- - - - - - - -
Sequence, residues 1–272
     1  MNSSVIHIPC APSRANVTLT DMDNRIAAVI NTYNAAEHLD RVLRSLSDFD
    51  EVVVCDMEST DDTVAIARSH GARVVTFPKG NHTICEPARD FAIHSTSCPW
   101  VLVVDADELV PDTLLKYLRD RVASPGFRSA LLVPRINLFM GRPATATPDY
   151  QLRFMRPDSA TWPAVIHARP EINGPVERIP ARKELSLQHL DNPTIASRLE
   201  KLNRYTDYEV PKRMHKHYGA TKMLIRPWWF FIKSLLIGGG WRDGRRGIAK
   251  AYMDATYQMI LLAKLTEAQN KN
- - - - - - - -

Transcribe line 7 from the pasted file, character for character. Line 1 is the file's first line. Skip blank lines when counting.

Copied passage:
   251  AYMDATYQMI LLAKLTEAQN KN